Shifting from Funds to Investment Trusts

Now that the investments from my wife’s estate have finally reached my account, I have done my annual review of investments. With the recent decline in equity values, accentuated by the Ukraine war, I’m feeling somewhat poorer than last year and had a good look at investment charges. As a person withdrawing through drawdown, charges are effectively a reduction in each year’s income – if I can save £1000 charges, I have £1000 to spend. I’ve noticed that my online investment platform charges drop dramatically if I use Investment Trusts rather than Funds, and also that the depressed market values have resulted in discounts on many Trusts. So although the range of Trusts seems less than the range of Funds, I’m going to move several Funds over to Trusts, and if I find I like it, I may move almost everything into Trusts over a few years.

Bereavement

I seem to be close to finalising the last things after my wife’s death, so I’ve turned my checklist (that I used to ensure I’d done everything) into a series of pages for this website. I think it’s more comprehensive than anything I could find online, but as usual it’s somewhat personalised to me and hopefully others will find it useful.

Government thinking of cutting the LTA, and more.

I see the government have their eye on cutting the LTA.

Considering how low annuity rates are, reducing the LTA will mean some pretty moderate pensioners will feel incentivised to retire early. Instead people will need to think about having a retirement income made up of state pension, personal pension, AND investments/ISAs. The massive hike in ISA limits a few years ago means that some people might choose not to save into a pension, but instead to be taxed now and put the money into ISAs, though international pressure to harmonise tax laws is always pushing to remove ISAs.

I’m just glad I moved as much as possible out of SIPPs and into drawdown when I hit 55, measured against the LTA at the time.

The “pension relief at marginal rate” principle is a way to put some of your pay aside to be taxed as income later in life. If they start changing that principle, pensions might become very unappealing to some people who will effectively be taxed now AND later.

For the state pension triple lock they could just average over the last 3 years for each of the three measures, but I’ve not heard any mention of that. Though I’ve read that the state pension is relatively low when compared internationally, and the triple lock was partly intended to inflate the state pension so it compares better to other countries.

Does my spend pay back?

I was looking at electric cars, then at home batteries, solar panels, air-source heat pumps, etc.. Websites talk about typical savings and hence typical paybacks. I thought I’d consider “what if I invest that money instead” to see what different levels of investment return would do to the payback. The result is certainly food for thought. Solar panels are currently a non-starter. Home batteries (Tesla, Solax, etc.) to enable use of Economy 7 tariff is a far longer payback than I had thought. The cost of solar panels is reducing, and similarly home batteries are becoming more cost-effective, so in a few years I can look again. I suspect that if enough people have electric cars and home batteries, both charging overnight, energy companies won’t be offering such good deals for Economy 7. I’ve done a page to show my spreadsheet model.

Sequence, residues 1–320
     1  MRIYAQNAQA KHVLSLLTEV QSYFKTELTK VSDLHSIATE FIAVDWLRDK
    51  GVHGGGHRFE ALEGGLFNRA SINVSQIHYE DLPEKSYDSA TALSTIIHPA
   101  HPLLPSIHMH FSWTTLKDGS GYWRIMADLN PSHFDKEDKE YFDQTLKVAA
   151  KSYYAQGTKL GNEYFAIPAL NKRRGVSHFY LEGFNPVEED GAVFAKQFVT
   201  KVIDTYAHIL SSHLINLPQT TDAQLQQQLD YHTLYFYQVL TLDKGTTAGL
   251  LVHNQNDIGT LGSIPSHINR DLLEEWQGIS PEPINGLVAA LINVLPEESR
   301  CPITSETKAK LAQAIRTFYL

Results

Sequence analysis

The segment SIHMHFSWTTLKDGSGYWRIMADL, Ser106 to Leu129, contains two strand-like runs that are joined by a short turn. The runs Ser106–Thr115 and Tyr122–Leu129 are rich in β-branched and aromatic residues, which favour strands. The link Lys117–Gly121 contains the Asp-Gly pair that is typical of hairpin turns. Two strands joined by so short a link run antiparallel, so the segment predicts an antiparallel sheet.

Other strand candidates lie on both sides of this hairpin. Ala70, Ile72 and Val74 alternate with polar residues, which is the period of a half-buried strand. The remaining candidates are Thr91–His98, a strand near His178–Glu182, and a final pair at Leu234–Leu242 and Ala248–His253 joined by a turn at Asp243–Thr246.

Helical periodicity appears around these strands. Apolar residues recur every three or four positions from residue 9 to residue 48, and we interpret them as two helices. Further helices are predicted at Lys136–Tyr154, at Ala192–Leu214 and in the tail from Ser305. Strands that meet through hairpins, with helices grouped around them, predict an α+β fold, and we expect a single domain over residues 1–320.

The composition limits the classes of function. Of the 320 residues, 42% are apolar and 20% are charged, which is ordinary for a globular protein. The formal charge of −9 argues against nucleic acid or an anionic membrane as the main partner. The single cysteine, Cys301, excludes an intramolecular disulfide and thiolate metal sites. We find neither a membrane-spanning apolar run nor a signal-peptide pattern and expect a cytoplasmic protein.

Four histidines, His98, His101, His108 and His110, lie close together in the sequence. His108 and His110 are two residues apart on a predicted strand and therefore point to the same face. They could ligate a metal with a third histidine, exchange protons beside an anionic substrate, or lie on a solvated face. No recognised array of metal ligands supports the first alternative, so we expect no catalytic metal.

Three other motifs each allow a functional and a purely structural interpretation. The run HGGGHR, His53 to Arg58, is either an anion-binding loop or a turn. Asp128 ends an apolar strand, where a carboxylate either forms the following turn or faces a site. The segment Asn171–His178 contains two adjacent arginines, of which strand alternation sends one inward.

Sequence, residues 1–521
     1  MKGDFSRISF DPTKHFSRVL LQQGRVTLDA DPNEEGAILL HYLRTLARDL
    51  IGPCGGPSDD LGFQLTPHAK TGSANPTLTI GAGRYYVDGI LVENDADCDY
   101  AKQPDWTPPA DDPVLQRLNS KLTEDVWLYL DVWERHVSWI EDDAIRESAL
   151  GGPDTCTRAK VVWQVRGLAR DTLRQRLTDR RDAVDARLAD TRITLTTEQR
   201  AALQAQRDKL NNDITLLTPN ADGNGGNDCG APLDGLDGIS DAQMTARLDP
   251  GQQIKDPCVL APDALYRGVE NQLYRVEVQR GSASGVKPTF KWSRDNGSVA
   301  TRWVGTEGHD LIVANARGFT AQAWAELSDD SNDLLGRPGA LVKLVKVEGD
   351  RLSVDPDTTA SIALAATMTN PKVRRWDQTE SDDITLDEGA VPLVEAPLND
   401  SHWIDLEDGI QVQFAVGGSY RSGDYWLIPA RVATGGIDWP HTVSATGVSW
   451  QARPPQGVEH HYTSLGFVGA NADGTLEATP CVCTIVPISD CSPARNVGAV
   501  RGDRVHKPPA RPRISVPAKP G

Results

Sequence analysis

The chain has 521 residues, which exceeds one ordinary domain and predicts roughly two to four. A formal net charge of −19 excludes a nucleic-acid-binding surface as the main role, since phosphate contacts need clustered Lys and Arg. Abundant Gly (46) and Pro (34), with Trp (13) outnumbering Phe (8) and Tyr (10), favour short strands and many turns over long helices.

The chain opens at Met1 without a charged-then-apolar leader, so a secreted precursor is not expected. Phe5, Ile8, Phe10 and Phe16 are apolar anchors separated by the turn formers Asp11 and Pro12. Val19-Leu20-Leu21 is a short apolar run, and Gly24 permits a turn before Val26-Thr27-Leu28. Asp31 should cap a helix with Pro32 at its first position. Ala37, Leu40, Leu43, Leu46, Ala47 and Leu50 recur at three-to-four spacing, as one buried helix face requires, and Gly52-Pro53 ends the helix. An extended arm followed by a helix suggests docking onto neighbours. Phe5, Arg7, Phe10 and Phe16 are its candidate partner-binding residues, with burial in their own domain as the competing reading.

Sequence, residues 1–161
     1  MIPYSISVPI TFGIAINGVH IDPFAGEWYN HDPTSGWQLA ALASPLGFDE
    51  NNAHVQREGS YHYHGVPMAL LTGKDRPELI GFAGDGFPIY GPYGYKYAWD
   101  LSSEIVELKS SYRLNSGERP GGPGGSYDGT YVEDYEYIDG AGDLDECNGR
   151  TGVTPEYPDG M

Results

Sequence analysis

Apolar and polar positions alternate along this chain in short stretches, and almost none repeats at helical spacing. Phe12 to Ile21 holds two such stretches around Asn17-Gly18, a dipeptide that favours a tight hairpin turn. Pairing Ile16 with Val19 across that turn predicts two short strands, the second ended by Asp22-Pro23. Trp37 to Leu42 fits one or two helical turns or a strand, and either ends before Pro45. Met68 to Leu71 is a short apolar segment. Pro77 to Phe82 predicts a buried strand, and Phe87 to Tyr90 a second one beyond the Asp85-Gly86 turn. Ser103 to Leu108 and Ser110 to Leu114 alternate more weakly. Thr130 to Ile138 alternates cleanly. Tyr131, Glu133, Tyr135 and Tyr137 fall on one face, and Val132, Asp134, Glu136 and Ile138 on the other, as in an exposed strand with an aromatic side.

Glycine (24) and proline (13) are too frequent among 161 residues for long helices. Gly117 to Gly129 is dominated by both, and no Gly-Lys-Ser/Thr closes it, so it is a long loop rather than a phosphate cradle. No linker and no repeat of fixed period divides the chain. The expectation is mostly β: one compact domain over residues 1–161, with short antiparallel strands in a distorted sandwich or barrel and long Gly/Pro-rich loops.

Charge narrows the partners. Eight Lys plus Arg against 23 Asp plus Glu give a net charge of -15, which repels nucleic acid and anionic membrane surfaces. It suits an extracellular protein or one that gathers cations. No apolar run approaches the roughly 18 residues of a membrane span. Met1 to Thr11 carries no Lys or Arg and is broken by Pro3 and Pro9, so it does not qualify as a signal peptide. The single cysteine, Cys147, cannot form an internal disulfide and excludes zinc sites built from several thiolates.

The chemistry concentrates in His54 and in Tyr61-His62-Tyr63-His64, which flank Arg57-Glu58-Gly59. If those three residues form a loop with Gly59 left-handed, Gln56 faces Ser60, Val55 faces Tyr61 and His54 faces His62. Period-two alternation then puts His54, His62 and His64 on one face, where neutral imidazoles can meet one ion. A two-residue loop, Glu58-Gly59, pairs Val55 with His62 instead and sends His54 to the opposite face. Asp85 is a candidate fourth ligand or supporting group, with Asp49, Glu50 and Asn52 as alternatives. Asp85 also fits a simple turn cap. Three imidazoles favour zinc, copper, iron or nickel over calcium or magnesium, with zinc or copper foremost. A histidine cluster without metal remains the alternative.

Anticipating tax with a revised planning model

After a fairly good investment return this year, I thought I’d better look ahead at what prolonged good return might mean for taxes.  At the same time I’ve adjusted how I plan ahead, which has barely changed the pension that I allow myself, but which gives me a better view of tax implications.  It all means that Lifetime Allowance BCE 5A needs thinking about.  I have a plan for now, and couple of options for a few years’ time.  I’ve written a page on this.

Bridging pension: it’s welcome but it’s an LTA pain

It seems I may get a bridging pension from one of my ex employers’ DB pension schemes. Bridging pensions are also known as Temporary Pensions or Step-Down Pensions. I think I am going to have to be VERY careful to stay on the right side of the Lifetime Allowance without incurring various unwelcome taxes. Bizarrely, bridging pensions eat up 20x their annual value of my LTA, even though they only last for a few years and are worth far less than the main pension (which is rated at 20x). More info on this on an update of my LTA page.

Simple maths for DB pensions

For quite a few months I’ve had a pretty simple calculation that mimics the tables that you can easily find online for early taking of DB pensions such as the NHS and Local Government. I’ve realised that exactly the same maths will calculate transfer values. It should apply to any DB pension – indeed, the transfer value I was offered a couple of years back from a company DB scheme can be calculated using the same assumptions that the NHS and Local Government use. I’m using the maths to challenge a DB scheme’s excessive reductions for early starting of a pension. (A page on this is to follow soon.)